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Caring for caregivers during the coronavirus—COVID-19 outbreak

Caring for caregivers during the coronavirus—COVID-19 outbreak

As our healthcare partners across the country continue to battle the novel coronavirus­­—COVID-19, we’re using the Power of Food to offer them comfort during these challenging times.

From care packages to take-home meals and pop-up markets, we are finding ways to take care of our caregivers, our staff, and their families, while maintaining the strictest safety measures. In the following weeks, we will share with you stories of how these programs have worked for us and tips on how to implement them. You’ll find suggestions on how to start a pop-market at the end of this blog.

Morrison Healthcare is introducing pop-up markets inside our cafés, where shoppers can find essential products like bread, milk, eggs, and paper goods.

Pop up market at UVA.

“The pop-up market has been successful here at UVA, not because it’s driving sales, but because it is offering an outlet to our brave men and women who are fighting the spread of COVID-19 on a daily basis,” said Chadwick Frenchdirector of retail at UVA Health System.

When staff can buy essential items at their workplace, they make one less trip and limit their exposure to the virus, according to French. It also allows employees to grab food to share with their coworkers.

“As one employee told me, she loves the fact that she can grab a bag of bagels for her colleagues so they can start their day on the right foot,” said French.

The pop-up market has also been an avenue for employees who want to help others by buying hard-to-get items. “One person said that being able to provide supplies to their elderly neighbors right now is how we get through this as a society,” said French.

Pop up market at At Arkansas Children’s NW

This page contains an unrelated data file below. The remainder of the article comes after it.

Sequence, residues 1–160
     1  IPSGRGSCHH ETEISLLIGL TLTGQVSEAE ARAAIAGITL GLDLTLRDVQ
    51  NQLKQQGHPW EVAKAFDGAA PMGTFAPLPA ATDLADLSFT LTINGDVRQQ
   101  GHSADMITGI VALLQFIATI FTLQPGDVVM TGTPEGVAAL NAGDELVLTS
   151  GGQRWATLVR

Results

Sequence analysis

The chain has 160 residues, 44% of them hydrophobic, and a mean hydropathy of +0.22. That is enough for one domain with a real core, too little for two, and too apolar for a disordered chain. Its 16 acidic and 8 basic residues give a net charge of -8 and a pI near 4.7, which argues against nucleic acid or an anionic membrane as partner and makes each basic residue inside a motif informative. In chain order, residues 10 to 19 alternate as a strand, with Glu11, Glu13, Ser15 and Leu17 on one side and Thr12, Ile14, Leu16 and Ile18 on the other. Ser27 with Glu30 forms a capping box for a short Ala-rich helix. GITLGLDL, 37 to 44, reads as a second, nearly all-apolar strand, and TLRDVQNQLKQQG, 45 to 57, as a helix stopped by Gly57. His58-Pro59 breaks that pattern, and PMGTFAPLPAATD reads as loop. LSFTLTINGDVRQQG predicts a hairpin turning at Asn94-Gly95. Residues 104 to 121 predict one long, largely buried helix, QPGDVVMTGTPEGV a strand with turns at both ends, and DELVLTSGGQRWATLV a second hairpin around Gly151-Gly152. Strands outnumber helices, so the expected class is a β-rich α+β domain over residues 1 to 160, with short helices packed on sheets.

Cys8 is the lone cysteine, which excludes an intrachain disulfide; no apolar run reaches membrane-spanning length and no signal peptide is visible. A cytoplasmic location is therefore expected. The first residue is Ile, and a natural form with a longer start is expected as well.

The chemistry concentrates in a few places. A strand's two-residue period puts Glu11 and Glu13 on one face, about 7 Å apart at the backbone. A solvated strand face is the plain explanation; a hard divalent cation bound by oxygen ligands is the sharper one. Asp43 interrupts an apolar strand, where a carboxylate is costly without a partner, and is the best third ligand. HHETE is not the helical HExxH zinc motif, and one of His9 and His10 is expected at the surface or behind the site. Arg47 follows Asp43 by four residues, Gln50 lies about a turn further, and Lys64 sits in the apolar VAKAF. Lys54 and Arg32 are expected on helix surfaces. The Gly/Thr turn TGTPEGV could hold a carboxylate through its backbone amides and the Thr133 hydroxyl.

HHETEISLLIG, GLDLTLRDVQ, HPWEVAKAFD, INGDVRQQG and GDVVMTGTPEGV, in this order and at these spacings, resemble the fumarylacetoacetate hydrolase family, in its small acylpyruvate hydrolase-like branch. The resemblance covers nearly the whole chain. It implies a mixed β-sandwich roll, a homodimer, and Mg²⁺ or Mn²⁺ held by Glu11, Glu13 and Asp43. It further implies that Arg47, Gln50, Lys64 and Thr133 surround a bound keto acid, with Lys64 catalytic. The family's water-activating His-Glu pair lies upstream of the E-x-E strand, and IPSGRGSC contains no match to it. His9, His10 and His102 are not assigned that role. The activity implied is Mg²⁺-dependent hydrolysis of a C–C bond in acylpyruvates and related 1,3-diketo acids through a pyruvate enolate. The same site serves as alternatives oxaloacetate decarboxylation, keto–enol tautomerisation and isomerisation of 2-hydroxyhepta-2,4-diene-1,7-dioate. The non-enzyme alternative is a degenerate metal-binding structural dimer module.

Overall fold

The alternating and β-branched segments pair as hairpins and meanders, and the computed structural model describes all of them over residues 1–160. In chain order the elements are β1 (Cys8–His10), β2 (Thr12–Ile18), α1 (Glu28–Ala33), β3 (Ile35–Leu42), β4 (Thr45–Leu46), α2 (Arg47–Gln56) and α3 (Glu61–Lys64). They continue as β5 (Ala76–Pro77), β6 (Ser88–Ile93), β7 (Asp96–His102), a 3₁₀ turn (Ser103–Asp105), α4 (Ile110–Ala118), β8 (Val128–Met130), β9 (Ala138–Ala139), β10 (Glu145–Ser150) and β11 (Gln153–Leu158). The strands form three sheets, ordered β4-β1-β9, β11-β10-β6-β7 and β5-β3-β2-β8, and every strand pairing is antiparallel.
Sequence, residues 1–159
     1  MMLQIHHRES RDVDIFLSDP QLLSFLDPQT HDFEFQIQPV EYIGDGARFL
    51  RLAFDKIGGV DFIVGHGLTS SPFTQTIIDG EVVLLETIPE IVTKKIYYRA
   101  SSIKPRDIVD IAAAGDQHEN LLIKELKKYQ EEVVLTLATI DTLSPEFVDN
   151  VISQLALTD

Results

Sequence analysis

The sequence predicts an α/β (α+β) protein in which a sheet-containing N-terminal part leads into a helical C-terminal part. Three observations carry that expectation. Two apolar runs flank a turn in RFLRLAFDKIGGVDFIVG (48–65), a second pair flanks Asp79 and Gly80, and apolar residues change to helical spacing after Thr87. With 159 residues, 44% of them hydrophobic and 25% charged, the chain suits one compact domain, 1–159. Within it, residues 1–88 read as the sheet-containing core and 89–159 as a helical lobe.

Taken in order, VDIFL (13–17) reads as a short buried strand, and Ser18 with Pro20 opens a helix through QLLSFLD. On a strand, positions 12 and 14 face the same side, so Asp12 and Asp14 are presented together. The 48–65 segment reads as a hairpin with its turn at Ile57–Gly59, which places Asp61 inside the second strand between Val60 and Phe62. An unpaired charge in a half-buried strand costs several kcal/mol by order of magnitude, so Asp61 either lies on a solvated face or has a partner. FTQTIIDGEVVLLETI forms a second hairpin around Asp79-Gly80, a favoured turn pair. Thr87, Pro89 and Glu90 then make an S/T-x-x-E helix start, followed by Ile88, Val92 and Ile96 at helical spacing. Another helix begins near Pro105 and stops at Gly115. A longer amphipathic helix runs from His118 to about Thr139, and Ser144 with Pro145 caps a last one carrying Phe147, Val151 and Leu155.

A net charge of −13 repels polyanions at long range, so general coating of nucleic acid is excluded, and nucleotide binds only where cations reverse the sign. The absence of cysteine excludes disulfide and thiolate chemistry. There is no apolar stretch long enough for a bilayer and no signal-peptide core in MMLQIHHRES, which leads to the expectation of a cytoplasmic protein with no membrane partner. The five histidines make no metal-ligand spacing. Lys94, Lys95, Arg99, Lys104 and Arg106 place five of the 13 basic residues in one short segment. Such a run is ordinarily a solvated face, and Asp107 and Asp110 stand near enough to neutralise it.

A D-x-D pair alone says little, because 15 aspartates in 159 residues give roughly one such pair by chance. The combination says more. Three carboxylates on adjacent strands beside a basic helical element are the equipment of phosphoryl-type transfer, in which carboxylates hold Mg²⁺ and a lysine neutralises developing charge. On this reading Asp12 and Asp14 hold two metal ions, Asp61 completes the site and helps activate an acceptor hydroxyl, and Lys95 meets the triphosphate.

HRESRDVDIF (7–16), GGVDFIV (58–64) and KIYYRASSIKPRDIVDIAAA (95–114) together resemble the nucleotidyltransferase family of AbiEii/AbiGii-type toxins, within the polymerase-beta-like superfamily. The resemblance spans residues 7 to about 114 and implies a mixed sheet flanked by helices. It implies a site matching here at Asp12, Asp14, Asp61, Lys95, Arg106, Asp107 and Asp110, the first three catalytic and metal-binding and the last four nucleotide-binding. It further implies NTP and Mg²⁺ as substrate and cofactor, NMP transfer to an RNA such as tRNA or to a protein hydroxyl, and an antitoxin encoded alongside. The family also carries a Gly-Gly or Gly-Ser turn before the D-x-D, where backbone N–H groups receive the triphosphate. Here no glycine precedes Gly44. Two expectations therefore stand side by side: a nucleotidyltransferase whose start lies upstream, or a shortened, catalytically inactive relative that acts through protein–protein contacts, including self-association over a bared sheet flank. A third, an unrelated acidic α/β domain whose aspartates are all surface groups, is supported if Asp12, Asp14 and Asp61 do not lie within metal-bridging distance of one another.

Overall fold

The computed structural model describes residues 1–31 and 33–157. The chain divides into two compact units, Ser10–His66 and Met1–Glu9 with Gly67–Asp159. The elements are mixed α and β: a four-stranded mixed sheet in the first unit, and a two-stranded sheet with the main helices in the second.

The Food and Nutrition Services Department at Arkansas Children’s NW Hospital has also set up a pop-up market. The “Mini Pantry,” as they call it, is now the place to get some basic needs.

“My heart hurts for our healthcare heroes right now. And at the same time, what an amazing opportunity we all have to step up to the plate and serve these people with Compass Group’s far-reaching resources. Items hospital staff can’t find in our community like hand soap, antibacterial wipes, eggs, and bread, we can stock and offer to them,” said Megan Hermann, foodservice director at Arkansas Children’s Northwest.

“We appreciate these little touches that make our lives easier,” wrote Carrie Smith, head of social work at Arkansas Children’s NW, on a social media post.


Coronavirus Covid-19 crisis: Other ways to support

In addition to the pop-up markets, some Morrison locations are offering carry-out pizzas for hospital employees to enjoy at work or take home after their shifts.

“The to-go pizza program is a perfect way to give colleagues a chance to share a meal or take a break from it all at a reasonable price. I have heard from our security team here that being able to share a slice of pie together is the best part of their day,” said French. “It really puts into perspective how little things can make a difference in these challenging times.”

At Arkansas Children’s NW, Chef Brooks has been making cast iron bread once a week to offer to the staff, as well as pizzas and meals for staff to purchase and take home.

“We’ve started work in our Chef’s garden to bring some happiness to staff when they’re eating lunch outside. We all have the same opportunity to show the value we bring to the table as Morrison foodservice leaders,” said Hermann.

You can do it too

Pop-up markets are a meaningful yet simple way of showing support to your hospital staff. Here are some tips and best practices we’ve learned as we implement mini-markets in different Morrison Healthcare accounts:

  1. Identify your space – look for an open area and use existing tables, risers, baskets, and shelving.
  2. Define your menu – utilize items that you currently have in stock.
  3. Advertise perishable items—like milk, eggs, brewed tea, and sliced deli meats. Designate space in the cooler where those items can be easily accessed by employees or guests. Perishable items can also be stored in grab-and-go coolers.
  4. If offering fresh fruits and vegetables, follow your county’s health department requirements for bagging, labeling, or wrapping, and ensure guests are not able to touch them with their bare hands.
  5. Product pricing may vary based on regional pricing and availability. Make sure you understand local grocery tax laws and price accordingly.
  6. Make sure the price list is accurate and easily accessible for guests. Check local pricing on a weekly basis.
  7. Ensure cashiers are fully trained and have up-to-date lists of the items being sold, proper codes, and pricing.
  8. Support local vendors or farmers whenever possible.
  9. Start small. You can always adjust later based on demand.

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